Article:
# Reversible hash function for mapping a set of integers to another set

I'm looking for a reversible hash function that would map any 64-bit integer to another, with 1-to-1 correspondence, i.e. one number in one set maps to only one number in another set, both ways.

It is also important that the mapping is random-looking in a sense that if the function is not known to the outside observer, it should be relatively difficult to guess. Which means that the function should probably have some sort of a "seed" or "salt" (a large enough number or a sequence) that would make the mapping unique.

• How about permuting the binary digits and XORing with a random bitmask?
– Karl
Jan 4, 2022 at 16:41
• @Karl good solution but for an input sequence that increments starting from 0 (0, 1, 2, ...) the upper part of the mask would be easy to guess. Good hash functions can hide the fact that input is sequential (although good hash functions are also not reversible...) Jan 4, 2022 at 16:58
• Encrypt with DES with a fixed key. DES is a permutation... though @Karl's solution is simpler than encryption. Jan 4, 2022 at 17:03
• @kelalaka doesn't DES make the data larger? I need 64-bit to 64-bit mapping Jan 4, 2022 at 17:07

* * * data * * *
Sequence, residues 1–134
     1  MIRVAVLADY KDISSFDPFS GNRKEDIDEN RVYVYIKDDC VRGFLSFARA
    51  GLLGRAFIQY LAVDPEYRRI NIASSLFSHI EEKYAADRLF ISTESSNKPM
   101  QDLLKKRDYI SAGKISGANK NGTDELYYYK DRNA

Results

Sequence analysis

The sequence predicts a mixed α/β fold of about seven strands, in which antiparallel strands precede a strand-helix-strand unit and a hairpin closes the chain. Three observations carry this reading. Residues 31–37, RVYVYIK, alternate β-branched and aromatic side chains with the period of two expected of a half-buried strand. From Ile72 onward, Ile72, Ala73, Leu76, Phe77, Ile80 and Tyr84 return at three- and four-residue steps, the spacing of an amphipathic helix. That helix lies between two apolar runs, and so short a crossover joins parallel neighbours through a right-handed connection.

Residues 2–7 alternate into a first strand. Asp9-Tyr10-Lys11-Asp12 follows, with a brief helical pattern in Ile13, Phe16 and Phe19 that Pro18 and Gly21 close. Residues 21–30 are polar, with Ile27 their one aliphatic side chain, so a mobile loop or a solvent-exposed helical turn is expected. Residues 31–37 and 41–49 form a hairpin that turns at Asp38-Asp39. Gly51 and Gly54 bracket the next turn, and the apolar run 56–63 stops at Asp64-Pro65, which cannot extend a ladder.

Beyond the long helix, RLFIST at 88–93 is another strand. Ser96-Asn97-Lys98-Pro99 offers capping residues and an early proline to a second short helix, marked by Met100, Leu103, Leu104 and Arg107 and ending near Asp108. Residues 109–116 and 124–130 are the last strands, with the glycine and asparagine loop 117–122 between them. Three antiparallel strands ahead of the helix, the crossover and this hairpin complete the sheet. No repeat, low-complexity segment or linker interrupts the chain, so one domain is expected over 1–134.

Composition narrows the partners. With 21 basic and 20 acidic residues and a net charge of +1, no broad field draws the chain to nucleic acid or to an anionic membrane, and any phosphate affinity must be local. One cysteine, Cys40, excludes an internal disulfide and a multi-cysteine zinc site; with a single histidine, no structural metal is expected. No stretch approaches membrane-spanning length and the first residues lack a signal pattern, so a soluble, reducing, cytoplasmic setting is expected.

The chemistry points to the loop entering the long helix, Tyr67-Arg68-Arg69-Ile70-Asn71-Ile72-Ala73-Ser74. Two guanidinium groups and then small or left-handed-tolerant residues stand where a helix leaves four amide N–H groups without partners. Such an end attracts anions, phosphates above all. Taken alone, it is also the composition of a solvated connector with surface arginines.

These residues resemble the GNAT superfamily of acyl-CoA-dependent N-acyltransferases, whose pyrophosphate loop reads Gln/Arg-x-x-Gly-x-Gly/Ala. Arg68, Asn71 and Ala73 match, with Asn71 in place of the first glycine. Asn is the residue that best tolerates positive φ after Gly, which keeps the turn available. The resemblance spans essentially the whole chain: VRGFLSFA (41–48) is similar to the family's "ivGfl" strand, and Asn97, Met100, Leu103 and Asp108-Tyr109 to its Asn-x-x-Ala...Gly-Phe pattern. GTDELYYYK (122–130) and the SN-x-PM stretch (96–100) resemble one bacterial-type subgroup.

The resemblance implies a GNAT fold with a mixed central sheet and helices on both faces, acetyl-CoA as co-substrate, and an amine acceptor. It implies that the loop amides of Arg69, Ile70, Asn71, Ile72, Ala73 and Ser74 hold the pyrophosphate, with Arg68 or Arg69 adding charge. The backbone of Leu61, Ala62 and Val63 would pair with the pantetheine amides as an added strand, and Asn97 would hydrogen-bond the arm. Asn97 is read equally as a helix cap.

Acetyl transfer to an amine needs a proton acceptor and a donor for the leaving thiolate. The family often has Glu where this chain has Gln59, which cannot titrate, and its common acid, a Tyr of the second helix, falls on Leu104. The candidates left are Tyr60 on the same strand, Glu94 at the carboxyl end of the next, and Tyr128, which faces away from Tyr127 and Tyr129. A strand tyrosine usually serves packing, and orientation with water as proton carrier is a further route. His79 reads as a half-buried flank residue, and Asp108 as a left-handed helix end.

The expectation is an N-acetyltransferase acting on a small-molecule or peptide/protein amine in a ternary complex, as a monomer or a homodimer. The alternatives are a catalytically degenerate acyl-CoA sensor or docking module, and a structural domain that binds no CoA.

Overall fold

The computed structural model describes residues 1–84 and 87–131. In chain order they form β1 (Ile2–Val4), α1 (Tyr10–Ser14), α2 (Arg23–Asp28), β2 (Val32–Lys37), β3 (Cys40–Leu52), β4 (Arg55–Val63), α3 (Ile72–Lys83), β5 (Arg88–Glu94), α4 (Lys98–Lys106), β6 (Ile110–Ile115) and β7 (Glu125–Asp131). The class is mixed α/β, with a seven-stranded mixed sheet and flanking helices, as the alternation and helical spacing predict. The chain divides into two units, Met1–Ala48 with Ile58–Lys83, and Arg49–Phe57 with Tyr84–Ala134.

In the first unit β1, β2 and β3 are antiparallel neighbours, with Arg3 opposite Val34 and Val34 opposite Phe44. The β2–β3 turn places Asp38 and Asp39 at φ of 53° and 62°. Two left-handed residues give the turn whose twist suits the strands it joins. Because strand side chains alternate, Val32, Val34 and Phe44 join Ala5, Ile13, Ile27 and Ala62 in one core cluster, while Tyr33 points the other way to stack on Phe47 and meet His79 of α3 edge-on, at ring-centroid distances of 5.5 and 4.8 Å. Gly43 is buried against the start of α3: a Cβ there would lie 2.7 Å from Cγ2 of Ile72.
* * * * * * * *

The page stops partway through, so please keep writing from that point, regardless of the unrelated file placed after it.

• Then, permutation by encryption is a good candidate, x-or mask can be easily recovered on CPA attack. There are other ciphers that have 64-bit like PRESENT SIMON, etc... Jan 4, 2022 at 18:09

You can use a block cipher with a 64-bit block size for your aim.

A block cipher is a family of permutations;

$$F:\{0,1\}^\ell\times\{0,1\}^b \to\{0,1\}^b$$

$$\ell$$ is the key size and $$n$$ is the block size. For DES $$b=64$$ as for PRESENT and SIMON can have it, too ( there are others in the lightweight cryptography). If one fixes a key $$k$$ then one selects one of the permutations from the family.

$$F_k:\{0,1\}^b \to\{0,1\}^b$$

If you use DES then we have

$$DES_k:\{0,1\}^{64} \to\{0,1\}^{64}$$

To map a value, encrypt it, to find the reverse, decrypt it always with the fixed key.

As long as the key is kept secret and the attacker cannot obtain input, the output will be unknown to the outsider. In the case of the input-output pairs are available to the attacker use SIMON with a 128-bit key. It is secure against Known-Plaintext Attack (KPA), that is one cannot find the key with given input and output pairs. DES key size is too short for today's standards, at least 112 bit is required from the lightweight ciphers.

This operation actually a single block ECB mode encryption where it can achieve CPA security, however, multiple block ECB mode encryption will fail CPA.

Under the unknown attack model, you may need integrity and/or authentication that can be supplied with a MAC like HMAC with another key or derive them from a single key.